Our arrival in the hallways of the unit aroused curiosity and we heard comments like: « So, the tourists! Did you have a good time in Copenhagen? ». At the risk of being taken for a comedian, no one replied! It was at the mess, alone in the dining room, that we really completed this mission at the end of the meal, with champagne for pilot n°2. Without him, we would still be there... A few days later, the commander of FaTac - 1ère RA (3) summoned the captain and the team chief for explanations. It appears that the meeting was somewhat stormy, with the general having a hard time admitting that this mission turned into a walk in Copenhagen just because of four spark plugs... This all took place 29 years ago. Today, the Little Mermaid is in my display case and I always pause and remember when I look at her...

© JM Sirougnet


(1) The interception by MiG-25 while possible, remains uncertain. The Noratlas stood at 25-30 nautical miles SSE of the Danish island of Bornholm, off the Polish coast when it was joined by Soviet fighters. Logically, the intruder should have been intercepted by the alert patrol of the 773.IAP (MiG-21bis) at Damgarten or the alert partrol of the 871.IAP (MiG-23M) at Kolobrzeg in Poland, which was closer. The MiG-25PD of 787.IAP - the only fighter variant of the "Foxbat" based in Eastern Europe - would have arrived at Finow in 1981. HM.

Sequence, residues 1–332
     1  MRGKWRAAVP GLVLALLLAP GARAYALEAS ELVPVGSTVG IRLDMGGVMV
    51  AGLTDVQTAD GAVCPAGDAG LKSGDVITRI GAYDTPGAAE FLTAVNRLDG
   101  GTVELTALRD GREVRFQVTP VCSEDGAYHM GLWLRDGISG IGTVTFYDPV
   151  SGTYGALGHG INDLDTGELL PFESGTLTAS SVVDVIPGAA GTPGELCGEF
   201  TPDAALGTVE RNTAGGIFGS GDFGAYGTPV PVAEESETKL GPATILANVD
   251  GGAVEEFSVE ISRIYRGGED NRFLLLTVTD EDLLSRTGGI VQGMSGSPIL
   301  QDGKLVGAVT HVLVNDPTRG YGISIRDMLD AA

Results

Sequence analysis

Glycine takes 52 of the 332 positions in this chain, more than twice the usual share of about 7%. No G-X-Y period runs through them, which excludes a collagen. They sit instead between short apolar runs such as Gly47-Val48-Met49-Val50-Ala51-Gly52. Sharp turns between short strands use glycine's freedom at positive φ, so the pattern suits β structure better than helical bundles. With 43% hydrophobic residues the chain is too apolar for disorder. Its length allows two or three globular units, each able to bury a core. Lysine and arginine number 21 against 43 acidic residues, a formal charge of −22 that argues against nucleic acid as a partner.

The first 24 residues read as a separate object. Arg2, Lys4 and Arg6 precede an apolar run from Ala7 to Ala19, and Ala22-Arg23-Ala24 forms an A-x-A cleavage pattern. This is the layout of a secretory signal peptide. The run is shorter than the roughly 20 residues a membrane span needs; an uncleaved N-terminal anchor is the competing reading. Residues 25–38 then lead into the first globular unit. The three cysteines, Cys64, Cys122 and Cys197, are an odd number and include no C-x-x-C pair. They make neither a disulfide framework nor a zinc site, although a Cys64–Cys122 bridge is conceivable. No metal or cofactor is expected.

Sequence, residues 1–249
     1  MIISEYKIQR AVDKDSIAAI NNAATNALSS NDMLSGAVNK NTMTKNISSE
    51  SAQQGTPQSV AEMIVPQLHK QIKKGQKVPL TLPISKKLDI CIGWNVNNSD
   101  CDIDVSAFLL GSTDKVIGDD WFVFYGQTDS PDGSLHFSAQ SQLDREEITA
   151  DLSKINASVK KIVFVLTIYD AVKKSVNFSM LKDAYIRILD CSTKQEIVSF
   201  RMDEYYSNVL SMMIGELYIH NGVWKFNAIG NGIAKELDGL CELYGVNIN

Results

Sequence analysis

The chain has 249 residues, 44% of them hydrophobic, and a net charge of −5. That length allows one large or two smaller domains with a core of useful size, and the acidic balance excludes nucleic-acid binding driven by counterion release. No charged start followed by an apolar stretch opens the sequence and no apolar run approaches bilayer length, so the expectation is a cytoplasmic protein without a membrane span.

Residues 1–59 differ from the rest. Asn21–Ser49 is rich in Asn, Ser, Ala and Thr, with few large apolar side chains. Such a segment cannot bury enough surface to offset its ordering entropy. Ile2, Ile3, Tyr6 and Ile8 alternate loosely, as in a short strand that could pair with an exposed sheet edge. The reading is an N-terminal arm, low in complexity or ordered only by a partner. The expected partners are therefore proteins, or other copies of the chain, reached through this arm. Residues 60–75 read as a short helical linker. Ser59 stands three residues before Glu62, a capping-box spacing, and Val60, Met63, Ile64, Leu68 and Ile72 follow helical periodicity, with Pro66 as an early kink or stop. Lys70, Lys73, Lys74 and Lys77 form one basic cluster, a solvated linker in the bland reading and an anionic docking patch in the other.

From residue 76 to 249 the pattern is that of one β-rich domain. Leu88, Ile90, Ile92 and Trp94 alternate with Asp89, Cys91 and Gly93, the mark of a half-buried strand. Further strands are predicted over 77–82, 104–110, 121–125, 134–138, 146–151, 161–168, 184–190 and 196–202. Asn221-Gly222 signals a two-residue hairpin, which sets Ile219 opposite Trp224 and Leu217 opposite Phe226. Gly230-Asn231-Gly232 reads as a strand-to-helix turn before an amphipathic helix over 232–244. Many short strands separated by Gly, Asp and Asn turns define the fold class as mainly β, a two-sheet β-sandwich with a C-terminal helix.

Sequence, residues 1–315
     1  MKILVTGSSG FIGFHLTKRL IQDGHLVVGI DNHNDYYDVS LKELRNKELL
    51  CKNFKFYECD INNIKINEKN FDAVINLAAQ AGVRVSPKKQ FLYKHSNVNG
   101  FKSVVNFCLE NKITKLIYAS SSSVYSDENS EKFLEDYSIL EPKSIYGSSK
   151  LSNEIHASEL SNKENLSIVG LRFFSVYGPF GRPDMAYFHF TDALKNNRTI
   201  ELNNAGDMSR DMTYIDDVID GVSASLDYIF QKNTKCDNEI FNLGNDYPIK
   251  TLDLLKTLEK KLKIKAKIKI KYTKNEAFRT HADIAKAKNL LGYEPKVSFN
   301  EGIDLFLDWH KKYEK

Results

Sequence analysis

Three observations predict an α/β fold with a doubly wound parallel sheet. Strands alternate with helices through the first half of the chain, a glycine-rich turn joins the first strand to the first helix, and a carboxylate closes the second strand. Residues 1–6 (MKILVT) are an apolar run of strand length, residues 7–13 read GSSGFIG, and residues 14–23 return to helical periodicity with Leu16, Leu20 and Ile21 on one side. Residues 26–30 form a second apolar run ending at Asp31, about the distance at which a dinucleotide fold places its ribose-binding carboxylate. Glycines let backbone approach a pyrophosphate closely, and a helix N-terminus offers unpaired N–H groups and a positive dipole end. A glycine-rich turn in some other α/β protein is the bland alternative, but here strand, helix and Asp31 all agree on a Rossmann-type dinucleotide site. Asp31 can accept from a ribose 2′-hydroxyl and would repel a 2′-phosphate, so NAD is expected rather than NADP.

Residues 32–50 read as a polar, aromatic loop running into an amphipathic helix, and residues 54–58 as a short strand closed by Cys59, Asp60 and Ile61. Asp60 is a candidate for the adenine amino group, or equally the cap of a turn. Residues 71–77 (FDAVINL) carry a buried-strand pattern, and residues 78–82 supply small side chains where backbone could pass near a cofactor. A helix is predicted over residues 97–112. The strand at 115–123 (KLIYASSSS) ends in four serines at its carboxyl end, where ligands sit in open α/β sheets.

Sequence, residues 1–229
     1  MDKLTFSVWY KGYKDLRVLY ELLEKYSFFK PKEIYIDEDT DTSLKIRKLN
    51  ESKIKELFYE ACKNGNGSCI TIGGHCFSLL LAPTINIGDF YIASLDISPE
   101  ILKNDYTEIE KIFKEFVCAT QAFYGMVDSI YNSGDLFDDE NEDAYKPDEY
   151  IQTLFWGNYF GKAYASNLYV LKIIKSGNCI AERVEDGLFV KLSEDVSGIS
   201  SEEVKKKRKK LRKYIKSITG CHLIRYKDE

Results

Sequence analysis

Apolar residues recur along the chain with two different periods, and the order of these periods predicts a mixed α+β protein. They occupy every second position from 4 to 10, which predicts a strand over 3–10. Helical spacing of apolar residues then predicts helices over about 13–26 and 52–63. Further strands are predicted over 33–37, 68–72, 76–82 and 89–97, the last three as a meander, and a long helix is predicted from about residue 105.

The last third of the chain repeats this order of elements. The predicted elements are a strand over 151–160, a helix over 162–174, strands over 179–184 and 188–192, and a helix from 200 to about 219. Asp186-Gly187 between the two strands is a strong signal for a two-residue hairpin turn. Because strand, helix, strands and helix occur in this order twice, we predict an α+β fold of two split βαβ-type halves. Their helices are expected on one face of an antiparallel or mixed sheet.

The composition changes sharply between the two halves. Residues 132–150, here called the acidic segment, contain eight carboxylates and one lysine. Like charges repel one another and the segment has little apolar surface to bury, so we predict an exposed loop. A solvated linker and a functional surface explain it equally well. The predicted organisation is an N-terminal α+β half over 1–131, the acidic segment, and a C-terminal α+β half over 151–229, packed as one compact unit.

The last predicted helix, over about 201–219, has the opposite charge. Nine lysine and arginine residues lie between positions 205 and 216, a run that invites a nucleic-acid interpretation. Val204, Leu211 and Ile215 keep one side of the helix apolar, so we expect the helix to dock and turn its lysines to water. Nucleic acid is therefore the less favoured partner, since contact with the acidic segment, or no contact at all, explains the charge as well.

The picture of the MiG-25PD bort 42 that illustrates this article was one of the first series of photographs of this type of aircraft taken by Dick Genaille, a USMLM tour officer and former Lockheed C-141 Starlifter pilot, in July 1982. Finow was a sensitive area at the time (the "Foxbat-E" had only been there a few months) and the USMLM reconnaissance tour team took up an observation point near an approach beacon in the early morning after shaking off Stasi trackers. The reconnaissance tour team waited for the start of air operations, took the first pictures and left the scene, waving at the Stasi narks when they crossed their path again. HM.
(2) Deicing product.
(3) Force Aérienne Tactique - 1ère Région Aérienne (Tactical Air Force - First Air Region).

Mission 5489  < Part 1